'My dad said I was prone to melancholia' - singer Niall Colfer
Singer Niall Colfer tells our reporter what his wife Lisa thinks of him, how music can be healing, and the impact his father's death had on him and his music: he lost all fear of life
Two days after our interview, I bump into Niall Colfer in the sunshine in Marlay Park with his kids. He says his young son is a bit grumpy because the queue for the ice-cream van was too long and they didn't get their ice-creams.
It would be difficult to feel grumpy if you listened to Niall's new project Dovecote - the eponymous CD has an insouciance that is broody but ultimately uplifting. Listening back to the new album and its lyrics about life and the world, however, you wonder where Niall Colfer ends and Dovecote begins...
"Well," he begins, addressing the question, "I released my last album under my name Niall Colfer [in 2009] and this one took a few years to make. Stylistically, it was different. I was very much a different person."
The difference manifested itself in several ways.
"I became a dad. My life was very much in a different place - a very good place - and I thought it would be a nice idea...I won't say hide behind a name...but just to release it under a different name.
"Dovecote is related also to my name Colfer, because apparently Colfer is a Norman name that arrived in the 13th Century to Ireland," says Niall, who hails from Wexford and is the younger brother of author Eoin, "and we were the dove-keepers. So that's where it comes from - the doves were kept in the dovecote."
Does he keep doves at home in Terenure?
"No, no, there are a few pigeons who coo outside the window, but that is about it," he laughs.
Asked how his wife-of-10-years Lisa - who photographed the cover image for the CD in Beirut - would describe him, Niall smiles.
"She would say that I am really laid back, which I am. If you ask her, she would quote my dad, who used to say that I was prone to melancholia. But mostly she would say I'm happy."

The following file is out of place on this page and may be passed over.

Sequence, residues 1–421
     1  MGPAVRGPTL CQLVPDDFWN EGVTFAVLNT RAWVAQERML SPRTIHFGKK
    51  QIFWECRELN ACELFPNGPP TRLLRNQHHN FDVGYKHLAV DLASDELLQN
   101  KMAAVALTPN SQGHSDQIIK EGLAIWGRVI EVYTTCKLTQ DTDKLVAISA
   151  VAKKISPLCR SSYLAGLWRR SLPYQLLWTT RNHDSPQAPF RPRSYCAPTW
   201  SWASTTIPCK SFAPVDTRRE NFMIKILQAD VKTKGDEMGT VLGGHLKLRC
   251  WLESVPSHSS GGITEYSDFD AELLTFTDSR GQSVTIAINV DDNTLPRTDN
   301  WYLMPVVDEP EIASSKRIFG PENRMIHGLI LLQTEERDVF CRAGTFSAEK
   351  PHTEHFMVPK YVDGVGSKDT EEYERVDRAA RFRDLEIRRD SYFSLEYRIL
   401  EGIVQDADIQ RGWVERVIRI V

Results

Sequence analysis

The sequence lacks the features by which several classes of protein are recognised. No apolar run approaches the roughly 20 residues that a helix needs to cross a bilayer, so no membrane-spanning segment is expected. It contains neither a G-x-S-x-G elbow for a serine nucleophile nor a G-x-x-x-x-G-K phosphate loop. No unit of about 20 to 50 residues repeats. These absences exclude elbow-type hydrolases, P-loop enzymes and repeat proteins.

Was his father's analysis of Niall as prone to melancholia correct?
"He was right in that I worked out issues I had/have in my songs," Niall says, citing Mean Times and Before The Night Goes, "but overall, I think he saw me as contented. He taught me to keep busy, keep moving, to work hard and be creative and make the most out of life.
"My lyrics are sometimes melancholic, but because I can write it, it makes me a happier person. Surely the job of the artist or writer is to take the personal and make it universal?" Niall asks rhetorically.
"That's why music lends itself sometimes to people who think a lot," he continues. "I think that's why people relate to a certain type of music because they hear themselves in the music and in the lyrics. That's why it is healing."
The Dovecote album was healing for Niall "on many levels", not least because of the surreally bitter-sweet song Indrifting - which he played at the Windmill Lane Sessions on Independent.ie - about his beloved Billy, his father who died three and a half years ago.
"For a while, I thought I wouldn't make music any more. Then I got the itch, so it was healing that I was making music," the enigmatic genius Niall adds.
"And also I became very unafraid to make the music that I wanted to make. I think the last album I made was very much a mishmash of styles and second-guessing myself but this album was the album I wanted to make."
Is that because when his father died Niall lost all fear, in a sense?
"I think there is a lot in that. You become that person. You are next up, as such. And you stop caring about what people think, which is very liberating, extremely liberating. So that's what this album was for me."
For the full interview, plus two exclusive performances, see the Windmill Lane Sessions at independent.ie
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